Freshwater Reviews 3(1):1-32. 2010
An Historical Review of African Freshwater Ichthyology
IRD (Institut de Recherche pour le Développement) hydrobiologist: Antenne IRD, MNHN-DMPA, UMR 7208 — Case Postale 26, 43 rue Cuvier, 75231 Paris cedex 05 France. Email: [email protected]
Didier Paugy, PhD, is a senior scientist (Director of Research, equivalent full Professor) at IRD (Research Institute for Development), Paris. From 1975 to 1988 he carried out field work in West Africa and his expertise is in African freshwater ichthyology, mainly ecology and biogeography Recently he developed a global information system on the distribution of African Freshwater fishes (http://www.ird.fr/poissons-afr...../faunafri/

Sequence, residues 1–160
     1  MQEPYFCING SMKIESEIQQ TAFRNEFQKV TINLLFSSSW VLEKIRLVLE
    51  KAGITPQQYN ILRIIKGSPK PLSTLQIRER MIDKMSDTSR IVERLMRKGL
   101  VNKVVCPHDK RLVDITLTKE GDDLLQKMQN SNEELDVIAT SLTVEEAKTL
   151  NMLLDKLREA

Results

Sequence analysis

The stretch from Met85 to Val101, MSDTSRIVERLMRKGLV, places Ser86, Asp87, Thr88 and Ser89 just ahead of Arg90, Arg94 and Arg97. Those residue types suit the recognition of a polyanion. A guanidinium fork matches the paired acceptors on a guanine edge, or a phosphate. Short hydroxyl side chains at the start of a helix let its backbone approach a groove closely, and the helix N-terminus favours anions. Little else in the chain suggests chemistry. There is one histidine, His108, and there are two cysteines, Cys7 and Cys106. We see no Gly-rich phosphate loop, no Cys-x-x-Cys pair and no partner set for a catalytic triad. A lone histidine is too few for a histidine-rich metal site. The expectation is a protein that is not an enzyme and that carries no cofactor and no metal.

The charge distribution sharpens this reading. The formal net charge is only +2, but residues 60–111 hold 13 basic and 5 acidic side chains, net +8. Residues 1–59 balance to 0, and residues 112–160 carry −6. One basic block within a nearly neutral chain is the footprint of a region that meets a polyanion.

The history of ichthyology in Africa is reviewed. From the time of the Ancient Egyptians to the present, more than 3200 species have been discovered, drawn and described. Michel Adanson initiated the first material collections during the 18th century. During the 19th century, the work of travelling scientists (Étienne Geoffroy Saint-Hilaire, Andrew Smith) and explorers (including Mungo Park, Pierre Savorgnan de Brazza and Henry Morton Stanley) added substantially to developing zoological collections from their field trips. At that time, many species descriptions were based on fish preserved in these collections. Towards the end of the 19th and into the early part of the 20th century, knowledge of African fishes was greatly enhanced, especially through the work of Georges A. Boulenger, Albert C.L.G. Günther and Franz Steindachner, who, respectively, described 640, 119 and 53 species. The majority of the naturalists working in Africa during the middle and later parts of the 20th century tended to specialise in particular groups. In addition to conventional systematic studies, there was a steady rise in the numbers of contributions invoking genetics, specific parasites, and electrophysiology, amplifying fish identification using criteria other than morphology. These methods have proved helpful in finding explanations for the radiation of cichlids in the Rift Valley Lakes of East Africa, one of the most rapid and extensive involving vertebrates. Blending all these methods, descriptions of hitherto unknown species continue to be published. Whereas, until the mid-20th century, descriptions of new species and inventories of existing ones were the principal objectives of ichthyology, interests during the last 50 years have moved much more to the ecology of fish and to its application in aquaculture and aquariology: it is only during this period that most of the publications dealing with the biology and ecology of freshwater fishes and the science of fish culture have appeared. Brief biographies of the modern ichthyologists are presented, together with outlines of their main contributions.